We often touch, but only sexually; we associate physical contact with an act. But touch is such an important aspect of human need. In today’s modern world, sex may be abundant but we are starved of pure human contact. Once, I knew a physically healthy individual with cold lumps on his body, who had plenty of loveless sex but not enough hugs, cuddling, stroking, loving massages, as a child and as an adult.
This is a beautiful article written by Thich Nhat Hahn, a spiritualist whose teachings that my partner and I follow since discovering his writings on a trip to Vietnam (you can find the articles here):
In 1966, a friend took me to the Atlanta Airport. When we were saying good-bye she asked, “Is it all right to hug a Buddhist monk?”
In my country, we’re not used to expressing ourselves that way, but I thought, “I’m a Zen teacher. It should be no problem for me to do that.”
So I said, “Why not?” and she hugged me, but I was quite stiff.
While on the plane, I decided that if I wanted to work with friends in the West, I would have to learn the culture of the West. So I invented hugging meditation. Hugging meditation is a combination of East and West.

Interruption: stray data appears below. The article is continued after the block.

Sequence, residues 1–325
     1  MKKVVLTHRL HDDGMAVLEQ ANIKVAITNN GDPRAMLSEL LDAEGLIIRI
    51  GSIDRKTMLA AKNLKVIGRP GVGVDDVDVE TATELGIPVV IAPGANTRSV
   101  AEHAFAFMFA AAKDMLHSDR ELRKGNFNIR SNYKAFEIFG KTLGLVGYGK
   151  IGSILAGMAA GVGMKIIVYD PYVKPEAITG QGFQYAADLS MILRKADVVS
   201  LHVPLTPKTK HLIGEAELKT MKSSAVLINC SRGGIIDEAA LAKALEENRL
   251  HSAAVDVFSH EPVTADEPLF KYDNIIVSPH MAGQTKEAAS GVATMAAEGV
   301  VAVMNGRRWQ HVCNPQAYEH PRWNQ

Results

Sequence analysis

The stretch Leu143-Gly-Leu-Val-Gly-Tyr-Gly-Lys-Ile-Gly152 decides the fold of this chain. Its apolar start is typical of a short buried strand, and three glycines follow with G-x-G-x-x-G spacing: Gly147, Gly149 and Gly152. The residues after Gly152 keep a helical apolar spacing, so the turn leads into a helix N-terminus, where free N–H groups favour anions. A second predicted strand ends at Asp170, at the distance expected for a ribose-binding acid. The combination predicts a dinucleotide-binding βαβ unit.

According to the practice, you have to really hug the person you are holding. You have to make him or her very real in your arms, not just for the sake of appearances, patting him on the back to pretend you are there, but breathing consciously and hugging with all your body, spirit, and heart. Hugging meditation is a practice of mindfulness. “Breathing in, I know my dear one is in my arms, alive. Breathing out, she is so precious to me.” If you breathe deeply like that, holding the person you love, the energy of your care and appreciation will penetrate into that person and she will be nourished and bloom like a flower.
– Thich Nhat Hanh, in “How to Love”.
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